Here’s How CEOs Can Truly Find Purpose

This morning I had a long conversation with my friend about purpose and it made me think about Michelle Obama. The former First Lady, writing in her new memoir, Becoming, talks about how she struggled to find ‘purpose’ when her husband became President. It wasn’t until she came face-to-face with a classroom full of London schoolgirls, determined to not let societal obstacles to stand in their way, that she came to understand the purpose behind her role. They inspired her.

My friend runs a company that most people will have heard of but few have ever heard of him. Suffice it to say that he’s incredibly successful, hard-working, deservedly wealthy and a good bloke. He’s also deeply disillusioned with it all, after years at the helm.

‘There’s got to be something more, Grant,’ he said, as if reading from a book of clichés. ‘It’s all going really well but I’m bored because I lack something. Purpose maybe. I want to do something more but I don’t think I can step away. I feel shackled by what the job brings.’

My response was this. Go to a four-day week and spend that fifth day helping people – charities, schools, business lectures, whatever, maybe set up a trust. And allow people in your company to do the same. Tell them: ‘If you want, take time off to do some good and add a bit of meaning to your working lives. You’ll be paid slightly less but maybe receive far more than monetary benefit in return.’ Don’t encourage them – that’s too preachy. Allow them to volunteer.

He batted away my suggested solution without hesitation. But the more I thought about it, the more I realised that such instinctive rejection goes to the heart of why so many business leaders fall short (not him!). They see leadership as something that defines them rather than an opportunity to use leadership to help define other people. An enabler rather than just a self-important, grandiose title.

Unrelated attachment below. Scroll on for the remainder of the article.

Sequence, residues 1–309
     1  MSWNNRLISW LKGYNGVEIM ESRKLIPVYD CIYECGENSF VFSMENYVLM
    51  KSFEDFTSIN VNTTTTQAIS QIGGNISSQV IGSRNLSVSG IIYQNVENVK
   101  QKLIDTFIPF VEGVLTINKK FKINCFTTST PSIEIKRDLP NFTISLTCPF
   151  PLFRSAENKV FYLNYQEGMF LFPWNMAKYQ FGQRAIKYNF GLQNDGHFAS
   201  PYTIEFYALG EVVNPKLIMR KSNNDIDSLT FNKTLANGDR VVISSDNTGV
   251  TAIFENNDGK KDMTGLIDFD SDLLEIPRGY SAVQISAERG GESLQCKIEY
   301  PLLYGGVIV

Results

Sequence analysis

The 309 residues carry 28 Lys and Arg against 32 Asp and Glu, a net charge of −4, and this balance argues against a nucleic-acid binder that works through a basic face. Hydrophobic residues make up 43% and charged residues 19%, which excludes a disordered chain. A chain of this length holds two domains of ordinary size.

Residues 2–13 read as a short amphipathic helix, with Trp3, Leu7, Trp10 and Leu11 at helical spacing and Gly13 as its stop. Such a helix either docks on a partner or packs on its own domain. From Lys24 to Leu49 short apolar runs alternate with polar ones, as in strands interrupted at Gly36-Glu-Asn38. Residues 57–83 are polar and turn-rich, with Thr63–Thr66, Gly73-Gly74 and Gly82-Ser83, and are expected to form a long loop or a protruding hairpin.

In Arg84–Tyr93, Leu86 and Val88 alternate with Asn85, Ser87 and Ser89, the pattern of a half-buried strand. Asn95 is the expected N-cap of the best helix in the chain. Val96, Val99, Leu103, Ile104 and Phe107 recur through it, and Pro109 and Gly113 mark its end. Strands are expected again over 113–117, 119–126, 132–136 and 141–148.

There is a moment in everyone’s life when they feel as if they want to change the world for the better. It normally occurs in childhood or adolescence before our innate selfishness takes over, coupled with a reasonable assumption that our messianic ambitions are never likely to be fulfilled. There are plentiful notable exceptions, of course, but most people are out to look after themselves.

Today’s working culture is different. People under 40, especially those entering work for the first time, have more lofty ideals. They want to do something other than just take home a good salary, they want to make a positive difference, contribute to society in ways that perhaps their parents – me included – didn’t. It’s not about simply having more flexible working hours, it’s about finding meaning.

This recent report from Deloitte suggested 78% of workers want more flexible working hours but that when they got them, almost a third felt they had less status.

Leaders who use their influence to enable their staff to do something more meaningful – tiny contribution though that might be – will not just help employees find purpose but will find purpose themselves because of their actions as leaders. I suspect that if my friend enacted some kind of ‘Give something back on the 5th day’ scheme, he’d be transformed even if he didn’t take part. Because he’d have used his exalted position to do good.

There’s a new book out by General Stanley McChrystal called Leaders: Myth and Reality. The myth, says the four-star general, is that too often leaders think they are more important than the team that surrounds them. That their main role and responsibility is to drive and inspire people towards a certain outcome. Instead, he argues, leaders should ‘shift their mindset to think of themselves as a node in a network rather than the top apex of a triangle’.

They are part of something, not the something.

The perpetual conversation about purpose in our culture reminds me of an old Mose Allison song I love called Everybody’s Cryin’ Mercy, in which the title is followed by the line: ‘When they don’t know the meaning of the word.’

Everyone’s talking about purpose when they don’t know the meaning of the word. Perhaps one of the meanings is that leaders can be purposeful by allowing others to be more purposeful than themselves.

Just because you don’t want to do something, or don’t have the time or even courage to do it because of what the shareholders might think, it doesn’t mean that nobody else should. You never know, you might feel good about it…

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